At the same time, El Salvador’s legislature seems to be much less interested in passing projects that favor the protection and promotion of human rights, including those related to gender equality, or the protection of journalists and advocates.
None of this should come as a surprise. In their first session of this year, El Salvador’s Legislative Assembly that opened on May 1, 2021 removed all the existing magistrates from the Constitutional Chamber of the Supreme Court, as well as the attorney general. The Inter-American Commission for Human Rights condemned this and urged the Salvadoran authorities to respect the independence of the public powers. This initial blow to our institutions marked the beginning of the president’s onslaught against supposed foreign intervention in domestic affairs.
El Salvador isn’t the only country that’s been quick to copy the Ortega-Murillo methods. Their strategy of using the legislative system to shrink civic space, without any broad participative debate, is growing ever more popular in other corners of Central America.
In Honduras, a series of legal reforms threaten the work of human rights organizations and criminalize peaceful protest. Reforms to the Special Law against Money Laundering, for example, include the possibility of declaring civic organizations that administer external aid funds as “politically exposed people”. According to the UN, that could subject them to heightened controls, because the classification has been utilized to hinder civil society’s financial activities and ability to manage funding.
The situation in Guatemala isn’t very different. In May of this year, Decree 4-2020 entered into effect in that country. The contents of this decree, approved by the Guatemalan Congress in February, will hinder the work of human rights organizations. In May, the Inter-American Commission for Human Rights urged the Guatemalan government to repeal these reforms, since they restrict public space, contradict freedom of association and expression, and disproportionately impede public participation in defense of human rights. Despite that, the decree is still in force.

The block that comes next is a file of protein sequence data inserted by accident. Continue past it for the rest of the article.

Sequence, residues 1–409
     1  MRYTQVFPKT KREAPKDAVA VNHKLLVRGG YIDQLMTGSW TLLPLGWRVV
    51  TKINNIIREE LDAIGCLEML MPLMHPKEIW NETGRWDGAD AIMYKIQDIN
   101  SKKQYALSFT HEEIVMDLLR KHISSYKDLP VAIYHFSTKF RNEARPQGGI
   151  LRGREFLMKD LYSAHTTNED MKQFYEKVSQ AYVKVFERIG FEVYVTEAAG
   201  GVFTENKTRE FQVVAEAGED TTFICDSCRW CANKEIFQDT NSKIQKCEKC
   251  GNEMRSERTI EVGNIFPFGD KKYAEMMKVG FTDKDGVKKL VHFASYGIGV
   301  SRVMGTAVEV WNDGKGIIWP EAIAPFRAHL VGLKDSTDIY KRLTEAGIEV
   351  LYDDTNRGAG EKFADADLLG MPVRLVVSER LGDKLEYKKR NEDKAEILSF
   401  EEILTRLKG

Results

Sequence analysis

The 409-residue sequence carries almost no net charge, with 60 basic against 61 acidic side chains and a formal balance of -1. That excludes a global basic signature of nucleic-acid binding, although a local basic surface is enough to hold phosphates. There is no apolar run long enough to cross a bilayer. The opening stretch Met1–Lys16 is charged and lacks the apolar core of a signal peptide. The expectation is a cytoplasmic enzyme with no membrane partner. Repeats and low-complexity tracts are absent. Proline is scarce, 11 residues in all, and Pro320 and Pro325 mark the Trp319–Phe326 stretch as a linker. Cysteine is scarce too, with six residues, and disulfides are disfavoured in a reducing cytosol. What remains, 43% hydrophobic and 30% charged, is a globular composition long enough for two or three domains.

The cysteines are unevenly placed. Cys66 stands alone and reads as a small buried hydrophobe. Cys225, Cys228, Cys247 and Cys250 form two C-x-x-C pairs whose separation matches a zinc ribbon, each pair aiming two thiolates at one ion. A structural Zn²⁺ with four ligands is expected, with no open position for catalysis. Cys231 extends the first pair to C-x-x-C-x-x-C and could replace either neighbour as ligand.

This closed-door campaign to limit still further people’s opportunities to express their opinions, especially against those holding power, puts all of us at risk. It propels the already very bruised Central America still further from the future its inhabitants’ desire. For example, in the heart of the Organization of American States, the Central American countries have frequently failed to act in unison to condemn the human rights violations perpetrated by the Nicaraguan authorities.
The human rights crisis Nicaragua is suffering wasn’t generated spontaneously. Daniel Ortega has spent years dismantling the country’s rule of law and concentrating power in his own hands. The signals were clear, and the international community was a witness to the way he went about undoing the possibilities of exercising human rights. In Nicaragua, the structures that have guaranteed impunity for the grave crimes against international law remain untouched. Accordingly, the majority of the Central American governments also hope they’ll never have to account for the human rights violations they commit.
* Astrid Valencia is a researcher on Central America with Amnesty International. Josefina Salomon is an independent journalist.